Sunday, August 14, 2011
As I was sitting down getting ready to work on this blog post, my wife, Jan, came into the office and started talking to me. With the greatest of effort, I managed to say something like "Pizza". A simple one word answer to the question, thus fulfilling my obligation to respond to her question without totally having to stop what I'm doing and engage in a full blown conversation. It's not that I didn't want to talk to her, but my man brain can only do one thing at a time- especially when I'm on the computer. When I go to Hoonah Trading, up to the office where she works, she has the ability to count money or post invoices or look for a billing address at the same time as she's talking to me. I don't know if all women can do that, but she can. She can talk to me while she reads with the TV on. When I'm watching something on TV, I don't want to answer questions about what's going on or who did what or why so and so killed Joe Blow. It drives me nuts. My daughter Jen does the same thing and it's terribly distracting. Sometimes her and Jan will start carrying on a conversation while the TV is on, which in itself is irritating, but then something happens and they want me to fill them in, which of course I can't do any too well, because I was unable to hear above the din in the living room.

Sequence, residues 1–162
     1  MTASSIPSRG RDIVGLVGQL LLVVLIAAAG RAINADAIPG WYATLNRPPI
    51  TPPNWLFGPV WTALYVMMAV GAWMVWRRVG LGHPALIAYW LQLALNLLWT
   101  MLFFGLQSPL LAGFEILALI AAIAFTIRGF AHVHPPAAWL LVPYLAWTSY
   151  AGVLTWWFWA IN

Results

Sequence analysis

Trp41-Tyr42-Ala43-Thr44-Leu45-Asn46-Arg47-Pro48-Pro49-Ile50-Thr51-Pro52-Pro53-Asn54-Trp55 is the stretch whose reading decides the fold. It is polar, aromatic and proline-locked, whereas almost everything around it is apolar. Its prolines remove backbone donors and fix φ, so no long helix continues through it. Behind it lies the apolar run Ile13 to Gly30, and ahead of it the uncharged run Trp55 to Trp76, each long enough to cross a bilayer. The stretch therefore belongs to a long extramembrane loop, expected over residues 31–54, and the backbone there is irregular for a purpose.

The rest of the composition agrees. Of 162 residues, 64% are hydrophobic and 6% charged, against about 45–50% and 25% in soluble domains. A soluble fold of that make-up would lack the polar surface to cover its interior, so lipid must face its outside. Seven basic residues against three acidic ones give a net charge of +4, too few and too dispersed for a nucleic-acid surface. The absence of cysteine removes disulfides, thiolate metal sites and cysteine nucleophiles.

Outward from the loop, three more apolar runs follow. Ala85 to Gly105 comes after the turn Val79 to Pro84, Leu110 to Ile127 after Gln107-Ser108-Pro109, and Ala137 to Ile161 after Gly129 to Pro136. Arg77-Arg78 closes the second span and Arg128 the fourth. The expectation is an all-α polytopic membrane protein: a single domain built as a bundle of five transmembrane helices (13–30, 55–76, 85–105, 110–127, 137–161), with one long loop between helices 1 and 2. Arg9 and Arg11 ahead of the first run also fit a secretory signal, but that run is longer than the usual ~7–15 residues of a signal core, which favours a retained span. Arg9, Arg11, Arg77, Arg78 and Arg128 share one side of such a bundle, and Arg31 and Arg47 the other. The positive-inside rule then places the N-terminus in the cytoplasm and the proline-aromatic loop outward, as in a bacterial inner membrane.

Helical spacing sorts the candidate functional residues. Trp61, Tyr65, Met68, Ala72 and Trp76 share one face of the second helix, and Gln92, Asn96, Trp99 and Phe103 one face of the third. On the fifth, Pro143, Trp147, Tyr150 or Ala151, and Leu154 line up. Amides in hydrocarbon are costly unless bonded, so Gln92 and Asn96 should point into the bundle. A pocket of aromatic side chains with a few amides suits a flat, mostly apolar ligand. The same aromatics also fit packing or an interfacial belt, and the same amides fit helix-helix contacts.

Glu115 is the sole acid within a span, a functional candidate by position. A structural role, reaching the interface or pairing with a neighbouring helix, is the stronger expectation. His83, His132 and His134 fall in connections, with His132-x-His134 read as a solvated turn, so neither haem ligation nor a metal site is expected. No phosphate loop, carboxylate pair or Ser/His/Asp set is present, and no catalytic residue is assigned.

This past week Jan had to go to Juneau and I was left to fend for myself. Not a big deal normally, but lately I've been working extra hours to finish a project, so she bought me a Di Giorno Pizza to fix for supper. I've made frozen pizza's before, just follow the directions and its a piece of cake. I heated the oven to 400 degrees and set the timer for 28 minutes so that the crust would be softer. I don't like a hard, cruchy crust. I took the plastic cover off and put it on a special pizza plate that a friend had given us. The pizza turns out so great when we use it normally. I popped it in the oven and went to do something while I waited. After the timer went off, I pulled it out and let it cool for a few minutes before I cut it. The cutter went through pretty well, but when I put the server under the pizza to get a slice, it wouldn't come loose. What the... So I cut it again, thinking maybe we needed a new pizza cutter. We don't eat so much pizza that we would need a new cutter every six months, but who knows, maybe it was made in China like everything else. When I still couldn't get a slice to break loose I started getting a little angry. I contemplated picking the whole thing up and eating it like a sandwhich. I was starting to think maybe the pizza was made in China too. After the third attempt at slicing it, I discovered that I had forgotten to remove the cardboard from the bottom of the pizza and had cooked the whole thing together. Maybe I was made in China. In any event, the part of the crust that actually baked was stuck to the cardboard. Through a great deal of travail, I was finally able to separate most of it from the packaging, though as you can see from what was left, it doesn't really resemble pizza too much. At one point I had thought of rolling it up into a ball and throwing it back in the oven, but I was hungry and I wasn't sure what the end product would taste like. As it was, it was pretty doughy, but the pepperoni was cooked and the cheese was pretty well melted. It's a testimony to the Di Giorno folks that you can cook the cardboard with the pizza and still have a fairly tasty product, however, unless you want to discover new and possibly unpleasant frontiers, take the plastic off before you bake it.